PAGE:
and lack of fit with personal goals and this makes girls move away from STEM fields,’ she said. The leaky pipeline starts early. In emerging adulthood, females feel like misfits in STEM classes and are outnumbered by male peers, while they experience a lack of female role models. This results in their avoiding careers in STEM or leaving prematurely. ‘Female students who perform worse in STEM tests compared with male peers report less confidence and aspiration. Even when girls and women perform as well as their male peers, many lose interest and do not pursue advanced courses, degrees and careers in STEM. Girls drop out because of a confidence gap, not an ability gap,’ said Lall. They then face barriers in the hiring stage. ‘In early to mid-adulthood, subtle gender bias in hiring and promotion, biased evaluation of work, non-inclusive climates, juggling work-family responsibilities and difficulty in returning after a family-related pause undermine the retention of women in STEM.’ Once hired, women may not be encouraged to pursue higher-level jobs by their employers and time constraints also can become pervasive as women enter childbearing years. She asserts that there is a ‘need to redefine what a scientist looks like’. ‘Young women gravitate towards healthcare, medicine, education, arts and humanities. Young men gravitate towards computer science, maths and physics. Young women need access to information about all types of STEM possibilities and to women who have succeeded in them.’

Blind hiring and promotional processes Lall indicated that parents and teachers need the tools to encourage young women and girls to consider STEM careers in order to break gender norms. Gender stereotypes in this area develop from an early age, within families and at school. ‘Even girls who excel in mathematics and science are not more likely than their peers to pursue a degree in computer science or engineering.’ She said it is critical to encourage female learners in school by acknowledging them in class and taking their questions seriously. She added: ‘Working with industry for meaningful internships and placements will also help create awareness of the possible careers and impact thereof in the long term,

which may create more interest in women to pursue careers in STEM as they can better visualise the value of these careers for society.’ In the workplace, discriminatory practices or policies should be removed to give women equal, unbiased opportunities. ‘This may be achieved by blind review of applications or other work products in hiring or promotions so that no assumptions are made about how long a female will remain with the company or about the types of tasks she can perform.’

Parity without penalty Easing the transition back into the workplace following long periods of leave is also important. Flexi-time and childcare facilities make it possible for women to juggle a career and family responsibilities and this will encourage them to pursue careers and show them that it is possible. Professor Wanda Markotter, the director of the Centre for Viral Zoonoses and DST-NRF research chair at UP focuses on research on bats. She said that her students have asked for financial support, support from the institution and, specifically, mental health support. ‘Apart from mentoring, they want to be able to sit down with successful scientists who are in leadership positions and ask them how [they] handled this challenge.’ In her field of research, where scientists go out into rough terrain in search of bats, there are no women’s voices in the communities they work with. Women scientists tend to be excluded in field trips, as men believe they are not strong enough to carry equipment and won’t manage in the field for days, which means being without bathroom facilities. She said women are stronger than they think they are.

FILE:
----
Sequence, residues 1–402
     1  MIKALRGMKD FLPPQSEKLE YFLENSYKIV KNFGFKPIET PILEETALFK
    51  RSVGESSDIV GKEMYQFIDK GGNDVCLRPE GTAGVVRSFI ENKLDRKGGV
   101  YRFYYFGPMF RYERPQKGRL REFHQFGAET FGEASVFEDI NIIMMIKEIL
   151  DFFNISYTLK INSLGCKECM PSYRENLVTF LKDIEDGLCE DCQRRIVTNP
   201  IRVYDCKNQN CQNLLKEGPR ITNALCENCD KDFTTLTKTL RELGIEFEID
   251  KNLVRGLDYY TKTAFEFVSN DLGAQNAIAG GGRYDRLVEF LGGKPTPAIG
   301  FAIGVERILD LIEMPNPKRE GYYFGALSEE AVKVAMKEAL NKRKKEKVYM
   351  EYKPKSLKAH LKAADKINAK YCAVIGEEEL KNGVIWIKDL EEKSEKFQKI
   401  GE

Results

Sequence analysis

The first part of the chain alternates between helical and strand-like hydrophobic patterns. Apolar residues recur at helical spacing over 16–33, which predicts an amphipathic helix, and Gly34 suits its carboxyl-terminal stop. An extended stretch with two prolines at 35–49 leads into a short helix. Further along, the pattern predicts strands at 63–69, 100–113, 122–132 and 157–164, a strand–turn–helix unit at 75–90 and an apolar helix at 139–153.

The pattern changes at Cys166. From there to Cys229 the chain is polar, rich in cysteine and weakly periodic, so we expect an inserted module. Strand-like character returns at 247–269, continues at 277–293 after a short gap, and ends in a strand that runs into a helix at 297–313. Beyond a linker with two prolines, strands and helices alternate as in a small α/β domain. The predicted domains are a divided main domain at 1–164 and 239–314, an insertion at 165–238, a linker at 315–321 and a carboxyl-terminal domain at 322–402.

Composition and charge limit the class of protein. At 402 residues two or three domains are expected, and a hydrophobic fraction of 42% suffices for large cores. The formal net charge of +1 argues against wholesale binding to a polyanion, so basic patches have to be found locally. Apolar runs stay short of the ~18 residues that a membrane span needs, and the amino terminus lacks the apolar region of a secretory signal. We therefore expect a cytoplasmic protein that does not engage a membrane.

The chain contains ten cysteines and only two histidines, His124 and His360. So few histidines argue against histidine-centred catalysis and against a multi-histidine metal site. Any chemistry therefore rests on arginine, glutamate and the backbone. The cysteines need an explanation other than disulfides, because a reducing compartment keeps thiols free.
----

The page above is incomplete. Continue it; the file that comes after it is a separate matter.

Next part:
While women face several challenges in the field of science, some hold leadership positions. Professor Sehliselo Ndlovu, DST-NRF research chair in hydrometallurgy and sustainable development at the University of the Witwatersrand said that, as women in science are making it to the top, ‘they should not be afraid to employ people who are smarter than themselves’. ‘Surround yourself with people who make you a better version of yourself and you must do the same for them. Such women are selfless,’ she advised. She urged such women to push for policies that empower other women. ‘Women want parity without penalty. They don’t want to work twice or thrice as hard as men to prove they are capable.’ Women leaders also need to include men in the transformation process, she said. She added: ‘Become a champion for others. Create a powerful team and help break the ceiling for women in science. You need mentors at different stages of your career,’ and they can come from other fields. She said: ‘Leaders are those who wear a red shirt among those who wear white ones. They are not wallflowers and are not afraid to challenge existing norms. ‘They do ordinary things in extraordinary ways. Get a mentor or champion who helps you become more self-confident, improves your strengths and irons out your weaknesses, one who helps you take better control of your career.’ Ndlovu urged women leaders to be futurists. ‘Don’t just react to things. Proactively shape the future and lead the change.’ Ameera Haq-Williams This article originally published in University World News, 31 August 2021 Above: (Sylwia Bartyzel/Unsplash)